Has no one heard of control? What about self-Pleasure? Why the frak are they even so exclusive to begin with? This is supposedly a polyamorous society! There is no reason that either of them should have their cave panties in such a knot.

But what about Jonayla, the child that Ayla wanted so past the last five books? I would hardly have noticed she was even here; every time she could, Ayla dumped Jonayla on someone else so Ayla could do something more interesting.

Jonayla is probably the only baby only a few months old that can wait to urinate until her mother removes her from her carrying basket. I hate to keep saying it, because I sound like a broken record, but every other character is a cardboard cutout. No one has any personality, no identifying attribute to make them stand out of the rest of this crowd. All the good guys love Ayla and Jondalar. There really is no plot to this book.

The first two parts are so boring, I thought I would poke my eye out with a blunt instrument, just to have something exciting to do. In fact, the first two parts are so insignificant to the last part, you could just skip them and move directly to part three.

Welcome to marriage, Jondalar. Part Two is suddenly set four years later for no good reason. Ayla heads off to look at the caves, dragging along Jondalar and Ayla, again for no good reason. But wait, do they have interesting conclusions to why the artists drew on the walls? Just when things might get interesting, Auel hastily wraps up the journey in two paragraphs and stumbles into Part Three. Which they do until Ayla nearly dies from that root drug from Cave Bear, blah, blah, blah Oh, yeah, before that happens, Ayla takes that damn drug yes, she takes the drug TWICE in this book , wanders into a cave, and starts hallucinating.

What is that Big Reveal, you ask? Do they NOT watch other animals? Of all the things that Auel could have chosen, the fact that sex makes babies is what she picked? THAT is what she wants to end her series on??? The repetition in this book! All of the books are bad, but this one is painfully repetitious! The writing! What is this supposed to MEAN? The research! Actually, the entire Part Two feels like a non-fiction wrok.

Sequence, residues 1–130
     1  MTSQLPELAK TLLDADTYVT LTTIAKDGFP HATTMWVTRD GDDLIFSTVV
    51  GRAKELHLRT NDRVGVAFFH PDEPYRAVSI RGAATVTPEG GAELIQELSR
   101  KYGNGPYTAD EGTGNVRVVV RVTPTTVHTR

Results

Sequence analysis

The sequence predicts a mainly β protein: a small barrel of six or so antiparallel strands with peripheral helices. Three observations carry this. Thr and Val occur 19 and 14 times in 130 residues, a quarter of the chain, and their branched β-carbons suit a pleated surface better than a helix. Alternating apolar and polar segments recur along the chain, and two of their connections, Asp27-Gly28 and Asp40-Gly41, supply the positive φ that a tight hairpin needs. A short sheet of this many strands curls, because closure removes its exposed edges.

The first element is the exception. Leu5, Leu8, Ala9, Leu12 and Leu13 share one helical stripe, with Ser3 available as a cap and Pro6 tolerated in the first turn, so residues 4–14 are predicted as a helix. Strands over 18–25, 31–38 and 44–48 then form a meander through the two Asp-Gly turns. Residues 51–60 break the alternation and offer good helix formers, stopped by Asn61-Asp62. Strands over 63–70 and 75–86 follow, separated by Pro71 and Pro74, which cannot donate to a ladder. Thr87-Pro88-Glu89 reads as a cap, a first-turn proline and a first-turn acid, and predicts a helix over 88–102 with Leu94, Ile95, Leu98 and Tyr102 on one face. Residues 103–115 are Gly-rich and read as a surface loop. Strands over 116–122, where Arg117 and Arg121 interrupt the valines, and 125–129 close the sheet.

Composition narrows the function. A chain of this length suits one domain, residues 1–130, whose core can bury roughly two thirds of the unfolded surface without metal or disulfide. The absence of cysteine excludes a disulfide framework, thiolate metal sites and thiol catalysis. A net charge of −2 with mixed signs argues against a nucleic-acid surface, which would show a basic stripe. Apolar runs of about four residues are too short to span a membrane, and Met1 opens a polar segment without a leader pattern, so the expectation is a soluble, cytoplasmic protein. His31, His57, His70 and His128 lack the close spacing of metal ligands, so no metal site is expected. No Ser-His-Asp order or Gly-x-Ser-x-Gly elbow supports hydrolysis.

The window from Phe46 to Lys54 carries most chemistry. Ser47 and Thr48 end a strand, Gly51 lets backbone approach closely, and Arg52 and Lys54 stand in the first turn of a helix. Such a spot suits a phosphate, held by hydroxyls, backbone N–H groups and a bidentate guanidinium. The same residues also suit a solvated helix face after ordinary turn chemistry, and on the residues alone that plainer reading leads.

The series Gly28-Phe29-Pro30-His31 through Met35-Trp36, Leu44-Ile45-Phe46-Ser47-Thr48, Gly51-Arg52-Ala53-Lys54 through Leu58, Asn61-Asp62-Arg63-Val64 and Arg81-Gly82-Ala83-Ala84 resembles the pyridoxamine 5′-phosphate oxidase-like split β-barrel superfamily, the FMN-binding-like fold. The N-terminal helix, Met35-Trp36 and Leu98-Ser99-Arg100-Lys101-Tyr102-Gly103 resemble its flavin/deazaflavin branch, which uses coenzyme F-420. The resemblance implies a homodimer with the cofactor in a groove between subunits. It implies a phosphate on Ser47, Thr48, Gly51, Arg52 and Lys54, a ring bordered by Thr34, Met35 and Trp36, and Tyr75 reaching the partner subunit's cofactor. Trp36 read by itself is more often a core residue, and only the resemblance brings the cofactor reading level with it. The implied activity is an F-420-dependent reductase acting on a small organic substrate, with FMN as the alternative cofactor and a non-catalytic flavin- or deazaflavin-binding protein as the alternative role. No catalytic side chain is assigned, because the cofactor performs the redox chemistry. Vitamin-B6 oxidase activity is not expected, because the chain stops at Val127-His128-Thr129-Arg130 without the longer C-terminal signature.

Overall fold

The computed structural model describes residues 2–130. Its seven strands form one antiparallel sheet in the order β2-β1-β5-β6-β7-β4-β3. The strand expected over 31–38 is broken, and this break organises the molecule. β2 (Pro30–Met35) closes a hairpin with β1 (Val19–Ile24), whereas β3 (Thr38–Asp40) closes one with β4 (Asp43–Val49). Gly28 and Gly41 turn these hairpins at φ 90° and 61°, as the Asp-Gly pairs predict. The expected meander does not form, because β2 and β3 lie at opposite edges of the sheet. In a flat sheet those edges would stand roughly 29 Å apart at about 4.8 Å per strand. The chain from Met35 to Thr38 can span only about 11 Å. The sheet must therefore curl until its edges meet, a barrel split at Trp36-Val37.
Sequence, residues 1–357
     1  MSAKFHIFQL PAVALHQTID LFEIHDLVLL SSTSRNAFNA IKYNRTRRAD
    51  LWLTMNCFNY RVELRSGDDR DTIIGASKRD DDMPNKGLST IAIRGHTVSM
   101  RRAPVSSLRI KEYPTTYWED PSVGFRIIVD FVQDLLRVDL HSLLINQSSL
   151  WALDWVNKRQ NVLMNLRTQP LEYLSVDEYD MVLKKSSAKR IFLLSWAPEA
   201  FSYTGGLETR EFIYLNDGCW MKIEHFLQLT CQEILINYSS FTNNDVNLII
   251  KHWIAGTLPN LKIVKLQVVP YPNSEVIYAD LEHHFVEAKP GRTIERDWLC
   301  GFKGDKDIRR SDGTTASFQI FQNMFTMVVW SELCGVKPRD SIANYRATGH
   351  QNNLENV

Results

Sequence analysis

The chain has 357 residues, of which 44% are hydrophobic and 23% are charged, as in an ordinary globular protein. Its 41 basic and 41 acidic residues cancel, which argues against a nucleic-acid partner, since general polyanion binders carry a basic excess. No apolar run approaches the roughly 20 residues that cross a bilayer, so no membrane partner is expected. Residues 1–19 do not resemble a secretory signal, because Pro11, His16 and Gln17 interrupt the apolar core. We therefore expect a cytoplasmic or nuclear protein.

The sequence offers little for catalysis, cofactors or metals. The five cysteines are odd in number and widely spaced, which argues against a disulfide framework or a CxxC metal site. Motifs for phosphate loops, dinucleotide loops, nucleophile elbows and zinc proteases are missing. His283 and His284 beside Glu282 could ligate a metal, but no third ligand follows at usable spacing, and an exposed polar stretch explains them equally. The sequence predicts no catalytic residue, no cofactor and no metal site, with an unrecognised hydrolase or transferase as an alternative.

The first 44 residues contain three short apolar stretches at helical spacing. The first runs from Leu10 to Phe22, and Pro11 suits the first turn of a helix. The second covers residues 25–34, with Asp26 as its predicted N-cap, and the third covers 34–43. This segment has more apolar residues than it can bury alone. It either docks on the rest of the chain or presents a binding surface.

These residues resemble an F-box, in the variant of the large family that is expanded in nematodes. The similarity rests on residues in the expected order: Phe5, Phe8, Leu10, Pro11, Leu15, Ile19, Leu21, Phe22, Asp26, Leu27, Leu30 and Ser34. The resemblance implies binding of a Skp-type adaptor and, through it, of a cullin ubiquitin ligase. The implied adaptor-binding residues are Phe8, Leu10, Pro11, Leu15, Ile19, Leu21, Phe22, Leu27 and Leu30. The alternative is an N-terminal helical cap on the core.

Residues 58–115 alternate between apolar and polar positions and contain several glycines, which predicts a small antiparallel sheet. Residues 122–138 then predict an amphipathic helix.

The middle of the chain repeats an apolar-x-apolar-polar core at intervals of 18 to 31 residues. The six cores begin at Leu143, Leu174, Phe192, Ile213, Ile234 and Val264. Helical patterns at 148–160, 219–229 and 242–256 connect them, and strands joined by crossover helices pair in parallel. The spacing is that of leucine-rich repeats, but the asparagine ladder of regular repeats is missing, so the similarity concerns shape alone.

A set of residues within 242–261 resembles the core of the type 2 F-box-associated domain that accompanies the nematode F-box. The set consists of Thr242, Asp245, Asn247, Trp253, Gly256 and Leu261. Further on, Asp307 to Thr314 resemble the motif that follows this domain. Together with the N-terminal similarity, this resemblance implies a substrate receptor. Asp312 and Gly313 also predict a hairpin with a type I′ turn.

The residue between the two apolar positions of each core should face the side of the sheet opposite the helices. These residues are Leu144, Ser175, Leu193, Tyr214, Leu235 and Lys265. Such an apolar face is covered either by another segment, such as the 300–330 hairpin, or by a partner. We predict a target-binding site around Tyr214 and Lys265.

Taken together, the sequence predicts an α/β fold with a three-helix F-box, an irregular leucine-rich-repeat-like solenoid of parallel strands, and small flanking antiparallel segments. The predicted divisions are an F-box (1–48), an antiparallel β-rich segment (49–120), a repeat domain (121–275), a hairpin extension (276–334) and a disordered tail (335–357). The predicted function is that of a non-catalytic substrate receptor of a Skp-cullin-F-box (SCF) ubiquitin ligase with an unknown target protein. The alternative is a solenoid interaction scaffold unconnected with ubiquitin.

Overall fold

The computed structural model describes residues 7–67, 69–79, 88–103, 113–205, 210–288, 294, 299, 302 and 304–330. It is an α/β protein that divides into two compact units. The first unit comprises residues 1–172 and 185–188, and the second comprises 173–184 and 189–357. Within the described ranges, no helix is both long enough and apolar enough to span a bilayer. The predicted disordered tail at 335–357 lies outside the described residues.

Earlier this year, I got the chance to read an extraordinary novel. The setting was rich and detailed. The characters were warm and inviting. The story was gripping and made me want to read more. I tore through it quickly, and when I got to the end, I immediately felt bereft. What amazing, unputdownable book am I talking about? That was none other than Clan of the Cave Bear. I truly fell in love with that book, with Creb, Iza, and Ayla, with a wide, wonderful new world set in the prehistoric age.

I had heard so many things about the books particularly the latter ones , but I had such hope for the series. I was really eager to learn about what happened to Ayla. Would she ever see her son again? Would she ever find her family? How could she survive by herself? Would Ayla ever find love, family, belonging or would she constantly wander alone? Well, this book answered absolutely NONE of my questions.

It took the characters I loved and twisted them beyond recognition. It is an execrable excuse for a novel. And that means there are no more books. There is no hope of learning what happens to Durc, to Uba, to the Clan.

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The Land of Painted Caves

Auel published in March Plot[ edit ] In this three-part book, Ayla is 20 in part 1 , about 23 in part 2 and 26 in part 3 and is training to become a spiritual leader for the Zelandonii. The third part of the book contains most of the action of the story and plot line. In the first part, Ayla is at a Summer Meeting and she begins to learn what an acolyte does.